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I don't go out of my way to study it. It's just interesting to me, so I did it on my own for my own benefit. —Michael Smith

Michael Smith believes that living in Utah, where only a handful of professional teams are located, can be an advantage for a sports trivia junkie like himself.

Without many sports team loyalties predeclared for him growing up, he found himself looking elsewhere to fulfill his passion for sports. As he found NHL teams to follow and MLB clubs to watch, he soon began stockpiling information in his head — without even trying to.

“I think I might have more of an advantage,” the University of Utah graduate said. “Since there's only Real Salt Lake and the Jazz here, you kind of have to search for a baseball team and a hockey team and a football team to cheer for. Maybe I was able to explore more that way.”

Smith came to know Heisman Trophy winners, NHL teams with the most Twitter followers, and teams that have played in New Year's bowl games from watching games and researching statistics because he simply had a desire to know more.

“I don't go out of my way to study it,” Smith said. “It's just interesting to me, so I did it on my own for my own benefit.”

It benefited him in a tangible way Wednesday.

That's when Smith was crowned "The Schwab" champion on the ESPNU show "UNITE."

The competition was based on an earlier ESPN trivia show, "Stump the Schwab," in which contestants competed against longtime sports trivia expert Howie Schwab. It had a four-season run before being discontinued in 2006. However, the show made a recent comeback on ESPNU — with a twist. This time, Schwab would be asking the questions to college students from around the nation as they competed in “The Schwab” championship.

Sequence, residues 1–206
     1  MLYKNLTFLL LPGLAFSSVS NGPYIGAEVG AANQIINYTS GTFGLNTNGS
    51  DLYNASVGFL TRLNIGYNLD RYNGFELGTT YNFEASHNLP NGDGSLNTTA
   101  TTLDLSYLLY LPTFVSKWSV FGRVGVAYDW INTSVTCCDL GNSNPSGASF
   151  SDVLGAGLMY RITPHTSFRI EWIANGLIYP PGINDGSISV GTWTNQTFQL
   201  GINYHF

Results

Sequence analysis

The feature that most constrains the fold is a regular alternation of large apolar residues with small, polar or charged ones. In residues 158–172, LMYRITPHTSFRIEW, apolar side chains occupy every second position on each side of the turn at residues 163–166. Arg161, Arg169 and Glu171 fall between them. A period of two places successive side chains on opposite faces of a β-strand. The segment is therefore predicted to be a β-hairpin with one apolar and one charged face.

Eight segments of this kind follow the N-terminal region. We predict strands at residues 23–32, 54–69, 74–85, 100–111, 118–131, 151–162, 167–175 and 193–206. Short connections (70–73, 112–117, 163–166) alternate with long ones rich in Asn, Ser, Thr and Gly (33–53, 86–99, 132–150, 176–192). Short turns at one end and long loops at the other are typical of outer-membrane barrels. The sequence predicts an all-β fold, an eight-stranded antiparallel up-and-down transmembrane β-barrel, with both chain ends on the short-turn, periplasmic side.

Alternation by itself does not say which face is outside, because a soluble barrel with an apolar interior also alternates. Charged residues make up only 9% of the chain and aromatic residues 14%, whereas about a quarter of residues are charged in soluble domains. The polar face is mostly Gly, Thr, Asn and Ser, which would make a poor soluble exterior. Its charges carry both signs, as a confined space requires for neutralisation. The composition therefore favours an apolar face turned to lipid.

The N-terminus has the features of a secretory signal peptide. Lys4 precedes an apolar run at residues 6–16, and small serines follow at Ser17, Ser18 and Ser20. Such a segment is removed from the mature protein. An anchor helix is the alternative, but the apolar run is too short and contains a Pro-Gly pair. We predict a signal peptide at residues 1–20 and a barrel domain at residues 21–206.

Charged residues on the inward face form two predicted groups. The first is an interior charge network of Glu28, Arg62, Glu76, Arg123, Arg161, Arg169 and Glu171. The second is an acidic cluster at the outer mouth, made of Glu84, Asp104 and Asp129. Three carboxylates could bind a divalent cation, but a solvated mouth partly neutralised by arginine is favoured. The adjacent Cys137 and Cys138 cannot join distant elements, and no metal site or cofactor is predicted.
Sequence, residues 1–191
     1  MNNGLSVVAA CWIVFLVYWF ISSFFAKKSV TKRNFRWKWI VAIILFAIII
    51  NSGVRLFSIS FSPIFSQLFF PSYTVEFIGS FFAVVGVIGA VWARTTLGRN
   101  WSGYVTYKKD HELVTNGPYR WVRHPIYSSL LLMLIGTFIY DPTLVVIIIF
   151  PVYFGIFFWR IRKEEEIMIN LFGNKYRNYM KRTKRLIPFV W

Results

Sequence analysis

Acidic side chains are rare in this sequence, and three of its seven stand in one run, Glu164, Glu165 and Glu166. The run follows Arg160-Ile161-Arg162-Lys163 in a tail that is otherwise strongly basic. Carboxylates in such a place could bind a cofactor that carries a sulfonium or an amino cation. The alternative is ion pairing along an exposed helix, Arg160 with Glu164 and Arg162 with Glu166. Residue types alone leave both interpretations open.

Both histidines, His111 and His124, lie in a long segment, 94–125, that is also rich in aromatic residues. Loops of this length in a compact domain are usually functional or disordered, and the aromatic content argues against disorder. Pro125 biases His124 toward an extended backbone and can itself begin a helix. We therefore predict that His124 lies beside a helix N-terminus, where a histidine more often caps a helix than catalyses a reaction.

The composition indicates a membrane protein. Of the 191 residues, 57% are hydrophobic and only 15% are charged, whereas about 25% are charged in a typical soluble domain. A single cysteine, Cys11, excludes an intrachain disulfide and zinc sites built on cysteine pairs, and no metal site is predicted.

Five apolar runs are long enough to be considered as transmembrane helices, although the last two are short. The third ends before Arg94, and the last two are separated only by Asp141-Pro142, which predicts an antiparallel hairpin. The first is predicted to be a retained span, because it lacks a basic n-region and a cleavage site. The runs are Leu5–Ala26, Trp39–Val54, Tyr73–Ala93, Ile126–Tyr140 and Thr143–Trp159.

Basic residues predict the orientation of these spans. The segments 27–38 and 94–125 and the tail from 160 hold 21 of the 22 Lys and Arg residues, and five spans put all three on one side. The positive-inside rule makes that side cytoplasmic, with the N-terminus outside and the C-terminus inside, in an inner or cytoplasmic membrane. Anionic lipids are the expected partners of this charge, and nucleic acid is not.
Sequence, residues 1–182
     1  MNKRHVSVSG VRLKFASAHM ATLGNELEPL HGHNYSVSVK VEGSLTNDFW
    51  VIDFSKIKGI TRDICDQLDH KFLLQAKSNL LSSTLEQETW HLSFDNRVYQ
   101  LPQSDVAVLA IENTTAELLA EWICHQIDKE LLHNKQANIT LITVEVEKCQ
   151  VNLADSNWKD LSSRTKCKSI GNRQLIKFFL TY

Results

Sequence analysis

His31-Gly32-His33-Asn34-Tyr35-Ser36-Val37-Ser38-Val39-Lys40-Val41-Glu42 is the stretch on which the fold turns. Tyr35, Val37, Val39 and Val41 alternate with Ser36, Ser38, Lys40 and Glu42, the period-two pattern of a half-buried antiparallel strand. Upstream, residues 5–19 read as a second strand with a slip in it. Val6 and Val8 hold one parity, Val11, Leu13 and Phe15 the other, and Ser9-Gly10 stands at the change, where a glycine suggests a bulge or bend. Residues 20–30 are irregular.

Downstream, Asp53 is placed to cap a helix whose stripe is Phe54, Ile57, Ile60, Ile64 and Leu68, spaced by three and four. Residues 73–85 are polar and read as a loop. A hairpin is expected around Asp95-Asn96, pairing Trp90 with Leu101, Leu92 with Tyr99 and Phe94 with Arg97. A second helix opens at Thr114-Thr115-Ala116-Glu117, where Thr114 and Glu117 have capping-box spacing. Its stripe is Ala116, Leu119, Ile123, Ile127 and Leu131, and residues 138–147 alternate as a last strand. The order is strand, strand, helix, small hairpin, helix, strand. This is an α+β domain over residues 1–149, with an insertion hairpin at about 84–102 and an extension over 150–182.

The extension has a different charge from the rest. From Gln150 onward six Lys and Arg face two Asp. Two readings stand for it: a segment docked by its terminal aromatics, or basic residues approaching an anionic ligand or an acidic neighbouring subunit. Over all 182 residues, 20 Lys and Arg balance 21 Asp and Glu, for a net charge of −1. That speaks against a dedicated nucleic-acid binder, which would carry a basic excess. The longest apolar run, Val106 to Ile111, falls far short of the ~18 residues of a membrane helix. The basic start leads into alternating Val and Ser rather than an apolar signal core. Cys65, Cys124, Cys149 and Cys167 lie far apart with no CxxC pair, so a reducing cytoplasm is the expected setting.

Through a series of emails between ESPN, the Pac-12 and The Daily Utah Chronicle, where Smith was working on the sports staff, he was offered a Skype casting call. After successfully naming the past 12 Heisman winners, he received a chance to be one of three contestants to compete in the Pac-12 division, which was a preliminary competition. Scoring the most points out of four rounds, Smith became the Pac-12 Schwab champion and moved into the semifinals.

Next, there were three semifinal rounds to determine who the finalists would be. In the semifinals, Smith answered questions ranging from professional to college sports, social media following and pop culture. He came away with another victory, which secured him a spot in the finals and included an all-expenses-paid trip to Bristol, Conn., for the in-studio live finale.

When Smith entered ESPN's sports haven, he was in awe. All around him were former professional athletes and hosts of his favorite shows. He says a tour of the facility was even more than he imagined.

“I got to see some of the studio (where) 'SportsCenter' was filmed in and 'Outside the Lines,'” Smith described. “It was huge. It felt like a college campus because there were 15 buildings. … If you're a sports fan it was like heaven.”

Before filming the show, the three contestants had time to get to know one another and Smith said he could tell the other two guys were smart.

“I was starting to get really worried as we were getting closer to taping. They were stiff competition,” Smith said.

While each of them had a little more knowledge about specific sports, Smith's thorough understanding of hockey came in handy. He made it through the finals to the "Schwab Showdown," which featured two opponents, including Smith, choosing the categories for each other. Smith took an early lead after his opponent mistakenly picked hockey, Smith's favorite sport, for him.

The other contestant made up some ground, but Smith ultimately won and came away with a basketball trophy autographed by Mr. Schwab himself and a digital camera. But he says he's taken away much more from the experience than those prizes.

“The coolest thing was being able to see former athletes and the people that you see on TV everyday there walking around. Just being able to visit ESPN was the coolest thing,” Smith said.

Smith, who is currently a Deseret News intern, hopes to become a sports columnist for a newspaper, but he said he wouldn't complain if working for ESPN was in his future.

Whitney O'Bannon is a new media sports writer for the Deseret News. Follow on Twitter at @whitney_oban.